Nordstrom is looking to capture the majority of wallets from existing and new customers who are sports fans, and is offering thousands of licensed sports products through Fanatics for the first time. “Obviously, our customers buy those things too. When you get into those sportswear things and you want to represent all the teams and all the communities we serve, that’s a lot of SKUs,” Nordstrom said. “The place to start is to offer things broadly and over time focusing on where customers might be interested. Surname [Fanatics] there are different things they do with different partners. There are early days so we can talk about that in advance. We are actually in a more learning mode. They have been a great partner. They have a lot of possibilities. They have a lot of data and information about customers. So those are the early days. With things like this, the curation, I’m not sure that matters that much,” at least initially. “It’s really not too much of a concern, especially with something like this.”

In general about Nordstrom’s intention to grow online, he said: “It’s good to have new options. It’s good to have lots of choice and not so good to have something overwhelming. I don’t think our goal is to be the aggregator of everything. We want a point of view. Our point of view is really broad. We aim for quality. ”

What’s important, he says, is “the way we paginate and work the site so that it feels complementary to the vast base of what we do. We also want the brand to look great online.

“I have no crystal ball on how all of this works, especially how it works in conjunction with our physical stores. Every day we are learning, growing and developing. Hopefully that’s one way of making the customer happy,” Nordstrom said.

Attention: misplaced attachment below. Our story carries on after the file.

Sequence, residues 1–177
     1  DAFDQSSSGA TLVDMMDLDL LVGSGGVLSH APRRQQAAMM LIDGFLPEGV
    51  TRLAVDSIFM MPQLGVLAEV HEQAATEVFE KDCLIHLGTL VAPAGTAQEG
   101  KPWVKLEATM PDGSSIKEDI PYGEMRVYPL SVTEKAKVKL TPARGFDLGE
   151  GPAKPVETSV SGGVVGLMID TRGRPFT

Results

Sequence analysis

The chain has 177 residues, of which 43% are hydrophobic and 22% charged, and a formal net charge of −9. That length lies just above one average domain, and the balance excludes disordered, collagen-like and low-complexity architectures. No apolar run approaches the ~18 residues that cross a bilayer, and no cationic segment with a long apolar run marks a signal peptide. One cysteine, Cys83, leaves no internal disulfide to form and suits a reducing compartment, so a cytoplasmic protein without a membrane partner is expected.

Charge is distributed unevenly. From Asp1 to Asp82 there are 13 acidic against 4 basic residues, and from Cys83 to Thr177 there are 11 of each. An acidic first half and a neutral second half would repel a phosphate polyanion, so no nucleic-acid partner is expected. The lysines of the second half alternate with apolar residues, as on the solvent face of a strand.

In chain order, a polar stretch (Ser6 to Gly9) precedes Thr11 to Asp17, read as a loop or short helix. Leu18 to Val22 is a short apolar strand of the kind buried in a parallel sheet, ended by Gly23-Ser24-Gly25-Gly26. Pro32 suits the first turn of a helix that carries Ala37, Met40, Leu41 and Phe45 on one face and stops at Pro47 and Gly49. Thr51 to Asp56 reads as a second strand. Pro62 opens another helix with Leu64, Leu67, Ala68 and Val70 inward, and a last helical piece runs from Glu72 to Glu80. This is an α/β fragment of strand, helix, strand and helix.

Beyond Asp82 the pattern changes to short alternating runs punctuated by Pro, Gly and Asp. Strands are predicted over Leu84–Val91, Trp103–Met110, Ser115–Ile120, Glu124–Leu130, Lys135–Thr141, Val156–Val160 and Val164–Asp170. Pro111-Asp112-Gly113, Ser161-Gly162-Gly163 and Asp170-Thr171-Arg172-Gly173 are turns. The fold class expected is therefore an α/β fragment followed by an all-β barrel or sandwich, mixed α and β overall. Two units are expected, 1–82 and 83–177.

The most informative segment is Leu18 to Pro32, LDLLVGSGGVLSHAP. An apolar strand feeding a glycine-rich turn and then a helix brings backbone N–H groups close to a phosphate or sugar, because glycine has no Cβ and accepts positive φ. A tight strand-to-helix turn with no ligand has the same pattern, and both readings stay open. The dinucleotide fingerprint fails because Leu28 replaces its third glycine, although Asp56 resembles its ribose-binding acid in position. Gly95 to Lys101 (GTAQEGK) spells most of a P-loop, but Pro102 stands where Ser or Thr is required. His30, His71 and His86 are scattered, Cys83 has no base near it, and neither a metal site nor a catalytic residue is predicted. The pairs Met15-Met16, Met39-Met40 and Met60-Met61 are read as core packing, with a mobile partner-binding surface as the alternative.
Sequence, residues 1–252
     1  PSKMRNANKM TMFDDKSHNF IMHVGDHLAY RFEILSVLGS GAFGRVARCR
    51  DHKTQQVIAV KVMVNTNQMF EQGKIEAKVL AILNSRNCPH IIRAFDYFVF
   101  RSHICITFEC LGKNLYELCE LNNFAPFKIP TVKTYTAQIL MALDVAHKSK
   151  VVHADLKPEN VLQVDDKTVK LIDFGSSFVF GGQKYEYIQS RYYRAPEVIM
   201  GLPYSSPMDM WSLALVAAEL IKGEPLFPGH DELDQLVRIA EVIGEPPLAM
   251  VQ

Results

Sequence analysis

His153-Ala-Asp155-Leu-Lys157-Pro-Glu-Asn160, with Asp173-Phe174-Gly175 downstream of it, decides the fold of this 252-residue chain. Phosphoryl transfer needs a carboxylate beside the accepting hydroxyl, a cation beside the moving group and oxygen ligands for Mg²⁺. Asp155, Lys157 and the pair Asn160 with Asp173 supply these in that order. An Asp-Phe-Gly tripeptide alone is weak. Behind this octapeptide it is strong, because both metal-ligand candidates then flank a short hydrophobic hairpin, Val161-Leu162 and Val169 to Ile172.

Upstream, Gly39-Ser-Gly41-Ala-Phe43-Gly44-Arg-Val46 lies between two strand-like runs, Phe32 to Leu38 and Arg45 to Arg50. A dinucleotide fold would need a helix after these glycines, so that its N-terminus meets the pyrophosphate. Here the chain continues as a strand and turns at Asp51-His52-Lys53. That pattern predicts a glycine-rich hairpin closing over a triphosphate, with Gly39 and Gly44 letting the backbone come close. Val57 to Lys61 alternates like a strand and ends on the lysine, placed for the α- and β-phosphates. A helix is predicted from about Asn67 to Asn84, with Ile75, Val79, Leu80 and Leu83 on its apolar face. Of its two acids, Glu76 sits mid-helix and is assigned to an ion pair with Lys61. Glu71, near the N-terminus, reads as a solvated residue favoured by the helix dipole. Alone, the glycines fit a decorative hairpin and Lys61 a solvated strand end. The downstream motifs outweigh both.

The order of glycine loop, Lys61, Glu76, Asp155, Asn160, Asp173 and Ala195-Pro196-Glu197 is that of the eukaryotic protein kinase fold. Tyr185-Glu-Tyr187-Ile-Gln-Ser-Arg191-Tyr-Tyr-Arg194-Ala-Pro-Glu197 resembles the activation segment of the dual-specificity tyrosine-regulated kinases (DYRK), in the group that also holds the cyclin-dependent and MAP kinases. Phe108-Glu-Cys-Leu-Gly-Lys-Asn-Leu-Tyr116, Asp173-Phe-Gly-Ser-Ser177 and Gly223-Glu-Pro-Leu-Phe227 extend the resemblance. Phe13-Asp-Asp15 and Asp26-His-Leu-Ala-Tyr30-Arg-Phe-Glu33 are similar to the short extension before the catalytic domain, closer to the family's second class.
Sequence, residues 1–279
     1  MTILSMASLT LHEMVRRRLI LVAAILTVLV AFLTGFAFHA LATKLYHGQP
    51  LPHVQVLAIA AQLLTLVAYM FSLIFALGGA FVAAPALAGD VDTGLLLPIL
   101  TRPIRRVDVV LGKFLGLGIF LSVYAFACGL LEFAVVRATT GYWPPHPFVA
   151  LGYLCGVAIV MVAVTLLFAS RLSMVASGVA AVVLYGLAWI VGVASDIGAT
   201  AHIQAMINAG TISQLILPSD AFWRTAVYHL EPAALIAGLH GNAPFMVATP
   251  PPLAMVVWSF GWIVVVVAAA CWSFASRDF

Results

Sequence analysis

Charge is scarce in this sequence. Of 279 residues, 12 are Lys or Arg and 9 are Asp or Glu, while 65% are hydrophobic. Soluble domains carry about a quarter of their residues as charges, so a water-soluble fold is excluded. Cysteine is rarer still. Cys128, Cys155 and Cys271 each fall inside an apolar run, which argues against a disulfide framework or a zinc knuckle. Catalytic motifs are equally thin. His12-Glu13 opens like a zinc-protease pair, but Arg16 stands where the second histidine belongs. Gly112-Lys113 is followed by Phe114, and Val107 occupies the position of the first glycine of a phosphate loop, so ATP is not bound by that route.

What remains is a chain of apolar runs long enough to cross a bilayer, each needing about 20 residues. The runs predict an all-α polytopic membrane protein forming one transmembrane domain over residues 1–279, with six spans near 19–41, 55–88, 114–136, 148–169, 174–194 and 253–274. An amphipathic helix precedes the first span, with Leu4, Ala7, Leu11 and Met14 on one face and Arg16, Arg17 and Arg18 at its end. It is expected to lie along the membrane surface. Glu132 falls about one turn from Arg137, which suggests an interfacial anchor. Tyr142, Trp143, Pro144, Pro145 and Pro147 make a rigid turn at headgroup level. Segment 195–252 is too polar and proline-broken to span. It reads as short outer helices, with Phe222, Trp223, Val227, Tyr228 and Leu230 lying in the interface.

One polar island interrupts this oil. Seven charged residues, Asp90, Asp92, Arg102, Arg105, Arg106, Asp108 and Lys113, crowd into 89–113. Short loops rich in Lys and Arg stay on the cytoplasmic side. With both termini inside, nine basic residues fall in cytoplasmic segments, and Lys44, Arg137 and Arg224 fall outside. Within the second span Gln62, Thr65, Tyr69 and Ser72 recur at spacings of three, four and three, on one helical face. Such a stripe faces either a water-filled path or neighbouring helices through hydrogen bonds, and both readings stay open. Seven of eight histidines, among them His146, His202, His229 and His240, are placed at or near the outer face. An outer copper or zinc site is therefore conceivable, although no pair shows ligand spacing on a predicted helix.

Last July Nordstrom acquired an interest minority stake in the Topshop, Topman, Miss Selfridge and HIIT brands owned by Asos, London-based fashion website. It’s an unusual kind of partnership, as Nordstrom is not a business that invests in the marketplace brands it sells in stores and online. The deal is designed to help grow and secure the future of four UK brands, especially the trendy and affordable Topshop for women and Men’s Topman, while also reflecting efforts Nordstrom in increasing its appeal to younger shoppers.

“Asos came because of our relationship with Topshop. It was a really big business for us and still is. Topshop was sold, Asos finally bought it. There’s a reason for us to come together. With the Asos partnership, “We are still in the early stages of developing that,” Nordstrom said. “The way we do business together is really different” from the way Nordstrom does business with traditional brands. “They’ve never sold to anyone else,” Nordstrom said, adding that his company in this case is acting more like a platform to deliver the full spectrum of what Asos has to offer. “We’re working through all of its infrastructure pieces.”

With Nordstrom’s online expansion, search, personalization and data functionality have become even more important, so the experience for shoppers isn’t overwhelming.

During the pandemic, Nordstrom’s e-commerce accounts for about 50% of its total sales. It has stabilized back in the 40 percent range. “We don’t get too concerned about how much business we need to do in one channel or the other. It will find its natural level,” based on how the customer wants to shop. “We just want to be able and willing to grow that way in real time.”